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How to Issue Stocks? — Procedures and Steps to Know for Your Business (2024)

As a business owner, you may want to issue stocks for a number of reasons. This includes, among others, the need to prepare for a finance-intensive event. However, getting through this process can be complicated. It’s even more challenging when you consider the complexity of every other business-related task on your table. In this expert guide, we’ll let you know all you need to issue stocks in your company.

How to Issue Stocks?

What is a Company Stock?

Stocks refer to the funds a company raises as capital to begin the operation of its business. Single units of corporate stocks are known as shares. They determine the level of ownership that a shareholder has in the company once issued.

People usually purchase these shares in one of two ways. The first is through a regulated stock exchange. The second is through private channels. Companies can also issue the shares through an initial public offering.

trading and stock exchange

Keep in mind that owning an issued stock/authorized shares doesn’t necessarily mean a person would be legally obligated to the business. 

Many shares issued are often approved by the board of directors, depending on the amount of capital needed to be raised. This approval is often necessary for large companies to have outstanding shares on any type of stock.

Types of Stocks

There are two types of stock that you could get in business, which are not exactly on par with each other. They are:

1. Common stock

If you’re new to business terms, you might be tempted to think that this type of stock is another ironically ambiguous name. But in retrospect, the name is exactly what the stock is: common. Usually, anyone in the general public looking to go into an investment for the first time will purchase common stocks issued shares with their capital, as they seek to build a diversified portfolio that can provide long-term financial growth and security, while strategically exploring opportunities for a high return investment potential.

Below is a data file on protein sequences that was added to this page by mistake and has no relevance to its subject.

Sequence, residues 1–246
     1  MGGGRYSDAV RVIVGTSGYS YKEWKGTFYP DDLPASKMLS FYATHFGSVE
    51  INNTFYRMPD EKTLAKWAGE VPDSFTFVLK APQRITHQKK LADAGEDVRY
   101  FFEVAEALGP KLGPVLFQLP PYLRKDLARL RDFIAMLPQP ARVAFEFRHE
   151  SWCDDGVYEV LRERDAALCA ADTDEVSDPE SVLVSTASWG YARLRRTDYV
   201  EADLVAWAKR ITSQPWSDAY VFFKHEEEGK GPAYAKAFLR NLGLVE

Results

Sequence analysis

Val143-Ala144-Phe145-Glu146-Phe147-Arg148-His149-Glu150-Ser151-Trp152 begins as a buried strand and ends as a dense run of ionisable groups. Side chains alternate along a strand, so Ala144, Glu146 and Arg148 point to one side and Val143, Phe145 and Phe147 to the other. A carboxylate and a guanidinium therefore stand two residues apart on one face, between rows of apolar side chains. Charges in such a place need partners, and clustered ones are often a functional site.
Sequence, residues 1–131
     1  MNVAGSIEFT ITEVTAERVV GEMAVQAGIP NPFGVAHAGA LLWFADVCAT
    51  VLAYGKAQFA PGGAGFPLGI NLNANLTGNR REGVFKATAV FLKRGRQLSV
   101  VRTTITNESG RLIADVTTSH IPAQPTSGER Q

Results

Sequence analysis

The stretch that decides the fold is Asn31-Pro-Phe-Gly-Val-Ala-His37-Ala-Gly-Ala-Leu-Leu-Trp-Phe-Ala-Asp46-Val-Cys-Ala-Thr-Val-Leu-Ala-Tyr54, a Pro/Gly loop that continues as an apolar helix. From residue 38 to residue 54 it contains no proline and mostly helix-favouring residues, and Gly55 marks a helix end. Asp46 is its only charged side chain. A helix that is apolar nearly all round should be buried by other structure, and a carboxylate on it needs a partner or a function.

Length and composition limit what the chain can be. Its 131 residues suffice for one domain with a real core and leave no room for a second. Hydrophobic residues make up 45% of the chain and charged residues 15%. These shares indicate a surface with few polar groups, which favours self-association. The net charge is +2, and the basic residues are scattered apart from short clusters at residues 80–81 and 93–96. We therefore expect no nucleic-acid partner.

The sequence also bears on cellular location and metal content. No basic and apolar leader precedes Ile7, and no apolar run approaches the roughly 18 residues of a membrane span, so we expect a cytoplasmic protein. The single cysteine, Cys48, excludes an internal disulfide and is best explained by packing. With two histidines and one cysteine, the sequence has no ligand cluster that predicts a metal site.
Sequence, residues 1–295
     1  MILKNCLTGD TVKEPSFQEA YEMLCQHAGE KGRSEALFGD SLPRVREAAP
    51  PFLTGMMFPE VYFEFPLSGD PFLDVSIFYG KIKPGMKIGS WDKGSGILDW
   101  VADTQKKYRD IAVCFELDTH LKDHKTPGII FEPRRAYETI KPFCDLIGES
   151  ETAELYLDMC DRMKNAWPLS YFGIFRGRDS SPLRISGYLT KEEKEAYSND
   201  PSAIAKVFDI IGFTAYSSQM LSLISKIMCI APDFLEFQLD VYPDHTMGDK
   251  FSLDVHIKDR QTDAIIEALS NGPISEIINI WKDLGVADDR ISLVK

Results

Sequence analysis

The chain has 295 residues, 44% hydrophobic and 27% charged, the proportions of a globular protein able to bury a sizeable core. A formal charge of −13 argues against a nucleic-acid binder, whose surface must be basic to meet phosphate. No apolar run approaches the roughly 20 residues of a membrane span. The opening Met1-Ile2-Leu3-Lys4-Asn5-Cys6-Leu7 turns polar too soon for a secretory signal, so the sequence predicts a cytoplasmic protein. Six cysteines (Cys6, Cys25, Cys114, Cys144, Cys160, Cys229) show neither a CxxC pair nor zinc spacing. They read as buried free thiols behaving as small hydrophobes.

As a new and authorized common stock owner, you enjoy a reasonable amount/number of financial benefits. You’ll also get voting rights in company decisions, depending on the size of your stock. Apart from these voting rights, you can earn dividends on your stock. These dividends are essentially cash payments that the company makes to stock owners regularly. However, the dividends don’t usually come with any amount of guarantees.

If you hold common stock for long periods, you’re likely to earn huge financial rewards. This, of course, depends on the level of new company/corporation growth. However, it’s also worthy of note that common stocks have the greatest risk attached to them and their capital.

2. Preferred stock

This is the opposite of common stock in business. It isn’t as easily found or acquired as its counterpart. But, those who own it get a fixed dividend regularly. These stocks are often compared to government bonds. Besides their fixed dividends, those who own preferred stock usually get preferential treatment.

company's stocks

For example, if the company goes bankrupt, preferred shareholders would get their cash paid first. Common shareholders may have to wait until much later to get paid the amount of money owed. The same thing goes for dividend payments. Unlike their common counterpart, preferred stocks usually don’t have such high risks of losing value. However, they also don’t have such a high potential of gaining value either.

Issuing Stocks

The following steps our experts outline what you should do to issue stocks:

Determine the Shares to Issue

Before issuing stock, you should know the type you want to issue. In this regard, you have two broad options. They are common and preferred shares.

Preferred shares don’t allow shareholders, new or not, the rights to vote in business. New and old individuals with preferred shares will, however, get preferential treatment from the business.